Don't get me wrong. When times are tough, public employees should have to make the same sacrifices as everyone else. And they are right now. Pay has been frozen for federal workers, and for many state workers across the country as well.

    But isn't it curious that when it comes to sacrifice, Republicans don't include the richest people in America? To the contrary, they insist the rich should sacrifice even less, enjoying even larger tax cuts that expand public-sector deficits. That means fewer public services, and even more pressure on the wages and benefits of public employees.

    It's only average workers -- both in the public and the private sectors -- who are being called upon to sacrifice.

    This is what the current Republican attack on public-sector workers is really all about. Their version of class warfare is to pit private-sector workers against public servants. They'd rather set average working people against one another -- comparing one group's modest incomes and benefits with another group's modest incomes and benefits -- than have Americans see that the top 1 percent is now raking in a bigger share of national income than at any time since 1928, and paying at a lower tax rate. And Republicans would rather you didn't know they want to cut taxes on the rich even more.

  • truthOut: A "Pledge of Resistance" to Defend Social Security (and Defund the Empire). By Robert Naiman. Excerpts: For the third time in the last 20 years, establishment voices with high-profile slots in traditional media are trying to convince the public to accept cuts to Social Security by endlessly claiming such cuts are necessary, without giving coherent evidence to justify the claim. Twice, under former presidents Clinton and George W. Bush, these voices were defeated - but they didn't give up. And now they are in striking distance of their goal: the fact that Republicans have taken over the House, combined with the fact that the president appointed a deficit reduction commission which nearly recommended a cut in Social Security benefits - and might well have done so if Representative Schakowsky hadn't worked to undermine the co-chairs' plan - means that one can't be complacent; some reports have suggested that the president may indicate support for cuts to Social Security in his State of the Union speech. Of the two principal Washington political actors who will shape the outcome - the Republican leadership and the president's team - one is a determined adversary of the public interest, the other a very uncertain ally. The most successful anti-poverty program in US history is again in grave danger.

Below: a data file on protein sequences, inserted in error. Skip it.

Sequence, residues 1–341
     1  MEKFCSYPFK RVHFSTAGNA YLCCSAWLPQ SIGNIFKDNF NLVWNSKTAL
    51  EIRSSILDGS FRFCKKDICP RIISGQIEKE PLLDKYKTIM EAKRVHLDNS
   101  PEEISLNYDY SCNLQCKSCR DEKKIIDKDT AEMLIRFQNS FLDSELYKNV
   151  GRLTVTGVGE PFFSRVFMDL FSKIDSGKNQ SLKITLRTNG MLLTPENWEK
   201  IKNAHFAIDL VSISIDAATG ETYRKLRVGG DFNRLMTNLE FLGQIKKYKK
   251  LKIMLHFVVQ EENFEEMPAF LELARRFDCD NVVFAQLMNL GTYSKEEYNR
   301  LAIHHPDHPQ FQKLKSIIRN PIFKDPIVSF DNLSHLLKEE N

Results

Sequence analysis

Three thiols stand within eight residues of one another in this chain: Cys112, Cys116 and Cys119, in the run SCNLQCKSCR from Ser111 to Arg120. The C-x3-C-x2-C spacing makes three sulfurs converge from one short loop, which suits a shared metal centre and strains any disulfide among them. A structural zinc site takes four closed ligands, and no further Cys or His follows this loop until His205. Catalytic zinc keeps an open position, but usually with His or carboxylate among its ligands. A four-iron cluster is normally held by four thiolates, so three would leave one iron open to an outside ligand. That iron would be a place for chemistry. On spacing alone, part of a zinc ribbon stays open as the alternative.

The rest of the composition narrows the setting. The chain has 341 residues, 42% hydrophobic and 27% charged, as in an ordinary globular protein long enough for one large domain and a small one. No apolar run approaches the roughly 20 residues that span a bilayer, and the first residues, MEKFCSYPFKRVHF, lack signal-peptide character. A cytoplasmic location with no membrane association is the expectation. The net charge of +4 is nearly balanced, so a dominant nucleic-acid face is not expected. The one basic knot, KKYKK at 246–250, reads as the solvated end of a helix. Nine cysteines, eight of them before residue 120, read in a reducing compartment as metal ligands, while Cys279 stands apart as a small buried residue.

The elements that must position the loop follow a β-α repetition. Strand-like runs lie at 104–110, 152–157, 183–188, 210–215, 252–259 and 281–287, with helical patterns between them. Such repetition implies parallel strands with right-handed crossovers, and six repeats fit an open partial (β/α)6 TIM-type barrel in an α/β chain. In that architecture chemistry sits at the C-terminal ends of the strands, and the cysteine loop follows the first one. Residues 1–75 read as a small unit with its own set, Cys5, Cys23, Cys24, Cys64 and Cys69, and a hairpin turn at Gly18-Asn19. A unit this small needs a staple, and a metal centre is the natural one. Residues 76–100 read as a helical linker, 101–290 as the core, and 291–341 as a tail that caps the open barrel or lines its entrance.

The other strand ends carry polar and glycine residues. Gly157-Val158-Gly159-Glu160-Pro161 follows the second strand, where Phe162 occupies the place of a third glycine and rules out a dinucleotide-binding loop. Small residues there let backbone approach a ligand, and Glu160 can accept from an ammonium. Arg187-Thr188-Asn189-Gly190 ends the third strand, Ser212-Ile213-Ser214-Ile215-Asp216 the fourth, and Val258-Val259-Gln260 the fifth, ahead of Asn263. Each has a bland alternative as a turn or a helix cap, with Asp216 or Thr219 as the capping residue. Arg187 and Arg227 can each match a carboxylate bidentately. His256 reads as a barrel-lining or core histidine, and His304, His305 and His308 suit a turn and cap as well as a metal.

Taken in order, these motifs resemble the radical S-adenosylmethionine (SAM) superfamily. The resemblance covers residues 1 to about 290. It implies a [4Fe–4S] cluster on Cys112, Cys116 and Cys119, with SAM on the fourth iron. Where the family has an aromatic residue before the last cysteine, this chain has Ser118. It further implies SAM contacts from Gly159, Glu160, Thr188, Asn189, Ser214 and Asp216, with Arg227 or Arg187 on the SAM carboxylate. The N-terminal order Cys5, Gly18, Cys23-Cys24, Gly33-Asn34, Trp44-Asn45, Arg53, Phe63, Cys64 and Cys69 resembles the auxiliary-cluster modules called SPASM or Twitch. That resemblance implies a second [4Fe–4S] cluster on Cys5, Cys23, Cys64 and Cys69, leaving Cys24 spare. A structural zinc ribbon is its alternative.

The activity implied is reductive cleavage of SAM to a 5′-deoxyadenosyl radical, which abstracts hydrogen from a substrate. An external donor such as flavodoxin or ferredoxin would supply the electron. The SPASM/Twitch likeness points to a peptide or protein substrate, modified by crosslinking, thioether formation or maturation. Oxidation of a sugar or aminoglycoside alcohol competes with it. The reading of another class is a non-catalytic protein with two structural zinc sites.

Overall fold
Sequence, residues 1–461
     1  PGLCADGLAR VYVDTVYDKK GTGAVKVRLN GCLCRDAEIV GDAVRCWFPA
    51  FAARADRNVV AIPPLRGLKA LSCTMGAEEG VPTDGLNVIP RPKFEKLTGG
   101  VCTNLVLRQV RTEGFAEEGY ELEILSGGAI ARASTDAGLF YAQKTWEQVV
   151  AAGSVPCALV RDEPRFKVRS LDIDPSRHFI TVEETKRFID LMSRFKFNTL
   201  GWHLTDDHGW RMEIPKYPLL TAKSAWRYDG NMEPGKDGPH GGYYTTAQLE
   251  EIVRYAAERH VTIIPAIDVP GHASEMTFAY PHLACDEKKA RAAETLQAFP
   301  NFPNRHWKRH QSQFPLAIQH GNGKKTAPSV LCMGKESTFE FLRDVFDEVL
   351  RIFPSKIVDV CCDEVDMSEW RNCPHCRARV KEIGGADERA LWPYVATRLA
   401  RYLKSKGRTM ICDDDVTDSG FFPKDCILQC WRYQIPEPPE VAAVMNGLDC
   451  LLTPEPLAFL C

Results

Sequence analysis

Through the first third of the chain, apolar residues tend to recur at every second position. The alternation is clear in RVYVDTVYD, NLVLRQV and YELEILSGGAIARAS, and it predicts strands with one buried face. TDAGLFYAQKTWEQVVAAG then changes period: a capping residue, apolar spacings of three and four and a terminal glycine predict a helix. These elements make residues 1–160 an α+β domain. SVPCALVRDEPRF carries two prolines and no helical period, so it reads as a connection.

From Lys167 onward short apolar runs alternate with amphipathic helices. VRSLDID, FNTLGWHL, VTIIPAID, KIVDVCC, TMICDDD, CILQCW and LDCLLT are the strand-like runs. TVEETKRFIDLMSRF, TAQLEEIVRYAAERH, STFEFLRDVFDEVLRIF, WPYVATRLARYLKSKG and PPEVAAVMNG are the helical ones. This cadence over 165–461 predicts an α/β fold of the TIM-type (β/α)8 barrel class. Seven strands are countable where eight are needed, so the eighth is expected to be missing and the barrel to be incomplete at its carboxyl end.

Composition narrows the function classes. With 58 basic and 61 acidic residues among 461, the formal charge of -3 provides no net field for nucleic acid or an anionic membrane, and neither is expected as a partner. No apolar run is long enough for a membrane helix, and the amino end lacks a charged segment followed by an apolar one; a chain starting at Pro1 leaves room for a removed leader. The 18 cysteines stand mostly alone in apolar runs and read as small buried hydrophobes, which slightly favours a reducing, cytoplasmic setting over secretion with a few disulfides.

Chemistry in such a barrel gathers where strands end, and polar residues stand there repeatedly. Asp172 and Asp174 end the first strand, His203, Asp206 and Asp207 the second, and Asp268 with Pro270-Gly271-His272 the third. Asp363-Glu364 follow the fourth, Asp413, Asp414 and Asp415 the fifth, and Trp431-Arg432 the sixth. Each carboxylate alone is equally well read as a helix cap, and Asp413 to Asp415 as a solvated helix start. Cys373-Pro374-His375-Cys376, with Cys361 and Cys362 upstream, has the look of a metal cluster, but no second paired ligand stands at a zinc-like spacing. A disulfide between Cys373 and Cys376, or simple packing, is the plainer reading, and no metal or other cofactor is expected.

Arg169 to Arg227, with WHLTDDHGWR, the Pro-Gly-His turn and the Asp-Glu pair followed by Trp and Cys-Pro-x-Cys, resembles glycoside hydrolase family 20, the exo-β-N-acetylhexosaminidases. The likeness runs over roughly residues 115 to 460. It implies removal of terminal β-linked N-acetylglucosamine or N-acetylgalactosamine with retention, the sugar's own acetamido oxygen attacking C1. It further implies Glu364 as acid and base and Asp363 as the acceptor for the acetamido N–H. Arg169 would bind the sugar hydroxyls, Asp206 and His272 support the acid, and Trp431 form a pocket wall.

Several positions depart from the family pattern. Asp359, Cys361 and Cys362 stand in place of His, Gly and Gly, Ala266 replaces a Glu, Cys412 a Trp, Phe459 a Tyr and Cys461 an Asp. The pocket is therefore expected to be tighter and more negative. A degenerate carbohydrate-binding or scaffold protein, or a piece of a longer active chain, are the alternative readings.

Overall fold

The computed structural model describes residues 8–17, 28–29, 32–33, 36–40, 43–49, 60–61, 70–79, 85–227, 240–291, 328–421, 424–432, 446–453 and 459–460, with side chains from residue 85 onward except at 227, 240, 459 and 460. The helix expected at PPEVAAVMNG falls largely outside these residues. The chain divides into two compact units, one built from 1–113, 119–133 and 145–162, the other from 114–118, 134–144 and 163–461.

You might think that now would be the worst time to try to cut Social Security, with 10 percent measured unemployment, with many people's private savings having been wiped out, first in the stock market collapse and then with the collapse in house prices. You might think this is a great time to remember why we have Social Security: because it's secure. Housing bubbles and stock market bubbles may inflate and burst, industries that paid living wages may be shipped to Mexico and China, but since the program was established during the Great Depression, Social Security has never failed to pay scheduled benefits.

    But this reality is being turned upside down. The presence of unnecessary suffering is being used not as an argument to alleviate suffering, but as an argument for creating more unnecessary suffering. "We all have to make sacrifices in these difficult times," although of course the people at the top of the income and wealth distribution - in particular, the high-rolling gamblers on Wall Street who brought down the economy - are not being asked to make any sacrifices.

  • The Smirking Chimp: Liberal BS on Income Inequality: Some Weasels Are More Equal Than Others. By Ted Rall. Excerpts: "The United States is the rich country with the most skewed income distribution, " Eduardo Porter asserts in his upcoming book "The Price of Everything: Solving the Mystery of Why We Pay What We Do."